Training and common sense are still the best methods.....
    "Guard with jealous attention the public liberty. Suspect everyone who approaches that jewel. Unfortunately, nothing will preserve it but downright force. Whenever you give up that force, you are inevitably ruined". - Patrick Henry

  14. #13
    VIP Member Array chiefjason's Avatar
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    OK, about the locked or unlocked bedroom door. Here is a simple solution that works for me. We have younger kids so the door is open at night. My handgun is in the nightstand drawer in a SERPA CQC holster. The holster is to prevent me from grabbing at the gun and having a ND, but it also would do the same for the kids getting to it before I do. However, they have also been taught how to deal with guns, don't touch without me or mommy present. But the holster is another layer of safety. I have also trained myself to grab the holster, disengage the retention button, and drag the holster off on the nightstand drawer. Works for me, YMMV. Matter of fact, both of the handguns that we keep accessible are in holsters. I just don't like an exposed trigger.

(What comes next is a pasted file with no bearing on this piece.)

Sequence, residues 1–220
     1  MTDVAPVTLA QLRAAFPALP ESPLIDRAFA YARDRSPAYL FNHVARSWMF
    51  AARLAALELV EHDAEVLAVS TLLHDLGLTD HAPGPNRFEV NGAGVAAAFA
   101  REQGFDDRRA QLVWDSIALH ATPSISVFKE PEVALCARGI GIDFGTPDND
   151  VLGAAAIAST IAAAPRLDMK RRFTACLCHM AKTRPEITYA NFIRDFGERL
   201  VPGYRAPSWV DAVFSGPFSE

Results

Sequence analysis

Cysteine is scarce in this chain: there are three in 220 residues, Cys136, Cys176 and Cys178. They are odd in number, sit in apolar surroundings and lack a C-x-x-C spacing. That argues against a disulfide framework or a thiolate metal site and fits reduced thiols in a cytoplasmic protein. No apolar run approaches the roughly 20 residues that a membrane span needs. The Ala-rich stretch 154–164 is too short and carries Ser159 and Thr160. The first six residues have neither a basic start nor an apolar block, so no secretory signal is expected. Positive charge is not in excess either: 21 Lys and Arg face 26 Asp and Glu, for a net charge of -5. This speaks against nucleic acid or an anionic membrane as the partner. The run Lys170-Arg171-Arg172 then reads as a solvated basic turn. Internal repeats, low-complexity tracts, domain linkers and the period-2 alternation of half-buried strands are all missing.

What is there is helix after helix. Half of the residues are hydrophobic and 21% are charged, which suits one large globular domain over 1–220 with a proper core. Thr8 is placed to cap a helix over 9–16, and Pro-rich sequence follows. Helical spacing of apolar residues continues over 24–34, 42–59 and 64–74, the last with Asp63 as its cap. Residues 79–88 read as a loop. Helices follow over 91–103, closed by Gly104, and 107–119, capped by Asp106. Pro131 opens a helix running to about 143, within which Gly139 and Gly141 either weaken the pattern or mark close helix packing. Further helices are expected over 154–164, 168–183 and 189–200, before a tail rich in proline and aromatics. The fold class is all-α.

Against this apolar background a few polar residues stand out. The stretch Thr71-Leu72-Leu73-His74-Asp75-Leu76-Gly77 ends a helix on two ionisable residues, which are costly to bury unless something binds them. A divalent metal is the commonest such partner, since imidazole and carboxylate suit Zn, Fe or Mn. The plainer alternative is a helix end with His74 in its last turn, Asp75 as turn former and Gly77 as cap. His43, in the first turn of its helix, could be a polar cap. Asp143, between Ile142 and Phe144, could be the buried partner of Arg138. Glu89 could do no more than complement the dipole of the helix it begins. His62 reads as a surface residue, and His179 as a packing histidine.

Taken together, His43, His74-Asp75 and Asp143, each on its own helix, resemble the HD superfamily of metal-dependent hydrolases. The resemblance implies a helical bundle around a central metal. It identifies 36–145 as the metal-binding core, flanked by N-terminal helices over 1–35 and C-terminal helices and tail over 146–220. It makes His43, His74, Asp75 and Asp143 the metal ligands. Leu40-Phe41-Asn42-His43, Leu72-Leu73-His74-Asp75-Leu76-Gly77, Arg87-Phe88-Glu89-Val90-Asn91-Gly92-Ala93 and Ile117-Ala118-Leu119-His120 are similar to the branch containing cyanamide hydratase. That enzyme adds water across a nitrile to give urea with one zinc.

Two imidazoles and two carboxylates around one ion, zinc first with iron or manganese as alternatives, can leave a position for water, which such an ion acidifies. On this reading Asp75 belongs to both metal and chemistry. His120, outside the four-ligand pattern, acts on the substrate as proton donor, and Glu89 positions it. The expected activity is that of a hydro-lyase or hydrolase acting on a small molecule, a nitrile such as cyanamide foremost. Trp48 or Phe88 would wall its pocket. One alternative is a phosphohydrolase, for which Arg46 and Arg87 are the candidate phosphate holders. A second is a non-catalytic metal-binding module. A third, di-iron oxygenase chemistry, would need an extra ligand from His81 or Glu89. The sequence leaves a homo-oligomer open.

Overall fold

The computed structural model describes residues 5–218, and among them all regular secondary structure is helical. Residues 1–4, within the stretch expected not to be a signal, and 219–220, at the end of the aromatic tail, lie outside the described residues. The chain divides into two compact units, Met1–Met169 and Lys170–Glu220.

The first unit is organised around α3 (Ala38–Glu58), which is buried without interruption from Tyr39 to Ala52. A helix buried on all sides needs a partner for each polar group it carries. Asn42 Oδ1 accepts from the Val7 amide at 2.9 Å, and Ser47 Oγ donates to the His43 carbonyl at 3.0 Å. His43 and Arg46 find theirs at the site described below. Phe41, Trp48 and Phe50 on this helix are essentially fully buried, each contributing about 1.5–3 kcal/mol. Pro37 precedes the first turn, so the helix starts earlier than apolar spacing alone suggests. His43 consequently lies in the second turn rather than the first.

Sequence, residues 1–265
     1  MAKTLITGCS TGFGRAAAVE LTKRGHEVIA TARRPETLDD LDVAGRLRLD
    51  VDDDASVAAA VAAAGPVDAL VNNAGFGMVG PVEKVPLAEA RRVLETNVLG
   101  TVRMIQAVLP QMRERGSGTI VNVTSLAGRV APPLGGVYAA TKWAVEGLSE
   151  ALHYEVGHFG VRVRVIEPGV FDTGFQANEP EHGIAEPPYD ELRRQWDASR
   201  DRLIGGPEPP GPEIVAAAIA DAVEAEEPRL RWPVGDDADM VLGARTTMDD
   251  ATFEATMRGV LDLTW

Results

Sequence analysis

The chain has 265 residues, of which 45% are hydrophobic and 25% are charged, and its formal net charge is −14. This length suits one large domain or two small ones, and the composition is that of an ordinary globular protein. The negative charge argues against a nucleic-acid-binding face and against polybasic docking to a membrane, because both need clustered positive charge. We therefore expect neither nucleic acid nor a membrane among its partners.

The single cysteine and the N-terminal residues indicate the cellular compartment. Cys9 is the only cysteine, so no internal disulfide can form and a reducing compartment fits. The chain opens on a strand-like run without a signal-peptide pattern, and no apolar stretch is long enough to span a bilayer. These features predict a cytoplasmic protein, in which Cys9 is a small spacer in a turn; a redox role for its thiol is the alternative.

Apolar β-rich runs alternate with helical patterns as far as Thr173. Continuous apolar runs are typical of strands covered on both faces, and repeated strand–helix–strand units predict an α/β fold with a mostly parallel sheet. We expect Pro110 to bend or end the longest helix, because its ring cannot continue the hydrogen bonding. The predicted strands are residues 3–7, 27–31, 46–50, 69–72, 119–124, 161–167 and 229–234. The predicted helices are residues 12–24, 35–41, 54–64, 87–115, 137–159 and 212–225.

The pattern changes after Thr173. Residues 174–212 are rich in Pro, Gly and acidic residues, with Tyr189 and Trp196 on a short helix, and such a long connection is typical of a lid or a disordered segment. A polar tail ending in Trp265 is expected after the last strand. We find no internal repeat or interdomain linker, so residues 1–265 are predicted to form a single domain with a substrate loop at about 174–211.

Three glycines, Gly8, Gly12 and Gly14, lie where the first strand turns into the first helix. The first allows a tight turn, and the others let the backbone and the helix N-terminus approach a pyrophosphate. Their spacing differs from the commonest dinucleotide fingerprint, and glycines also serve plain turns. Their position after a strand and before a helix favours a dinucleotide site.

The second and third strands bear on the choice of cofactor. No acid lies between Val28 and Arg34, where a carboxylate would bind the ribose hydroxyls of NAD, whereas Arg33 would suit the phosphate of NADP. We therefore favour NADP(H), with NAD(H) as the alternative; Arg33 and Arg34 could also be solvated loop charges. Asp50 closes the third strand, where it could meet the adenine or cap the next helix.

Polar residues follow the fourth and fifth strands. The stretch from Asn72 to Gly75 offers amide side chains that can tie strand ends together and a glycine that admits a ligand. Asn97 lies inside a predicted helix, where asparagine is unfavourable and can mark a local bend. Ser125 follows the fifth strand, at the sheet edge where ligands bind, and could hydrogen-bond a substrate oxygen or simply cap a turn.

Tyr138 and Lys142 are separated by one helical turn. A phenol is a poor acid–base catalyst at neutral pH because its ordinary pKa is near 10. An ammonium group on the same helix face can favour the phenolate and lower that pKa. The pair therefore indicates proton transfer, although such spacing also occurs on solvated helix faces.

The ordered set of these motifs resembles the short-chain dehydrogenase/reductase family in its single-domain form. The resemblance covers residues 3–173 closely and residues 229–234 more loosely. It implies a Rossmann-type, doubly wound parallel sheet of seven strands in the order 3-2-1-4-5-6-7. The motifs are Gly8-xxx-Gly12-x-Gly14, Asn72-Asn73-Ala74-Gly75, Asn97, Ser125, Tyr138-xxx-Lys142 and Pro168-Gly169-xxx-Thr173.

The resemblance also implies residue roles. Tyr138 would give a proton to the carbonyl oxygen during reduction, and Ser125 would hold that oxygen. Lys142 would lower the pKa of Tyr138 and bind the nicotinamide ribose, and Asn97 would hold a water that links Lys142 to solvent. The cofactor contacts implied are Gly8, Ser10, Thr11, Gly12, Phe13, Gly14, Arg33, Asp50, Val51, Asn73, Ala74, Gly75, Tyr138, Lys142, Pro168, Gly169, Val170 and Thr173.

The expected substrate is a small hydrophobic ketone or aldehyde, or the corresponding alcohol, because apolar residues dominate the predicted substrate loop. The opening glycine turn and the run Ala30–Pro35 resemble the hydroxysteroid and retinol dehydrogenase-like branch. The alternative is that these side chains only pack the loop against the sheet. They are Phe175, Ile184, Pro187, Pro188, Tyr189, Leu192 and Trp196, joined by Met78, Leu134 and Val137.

I prefer to live dangerously free than safely caged!

    "Our houses are protected by the good Lord and a gun. And you might meet 'em both if you show up here not welcome son." Josh Thompson "Way Out Here"

  15. #14
    Distinguished Member Array kazzaerexys's Avatar
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    Quote Originally Posted by Cupcake View Post
    I used a gunvault. It held my pistol, spare mag, and the key to the gunlocker that had my long guns [...]
    +1. Wear it while you're awake, put it in the Vault while you sleep.
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    Distinguished Member Array BigStick's Avatar
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    I would suggest the Gun Vault also. And that can work for the shotgun too. Just make sure all of your ammo is locked up elsewhere so you can leave the shotgun unlocked and accessible (empty) and then keep a few shotgun shells in the Gun Vault with the handgun. Loading a few rounds will be quicker than undoing any kind of lock, and you can get good at the vault access with practice. Just make sure you train on doing it in the dark.

    If you get the double sized vault you could keep the handgun, enough shotgun shells, and a flashlight all within reach, but secure.
    Walk softly ...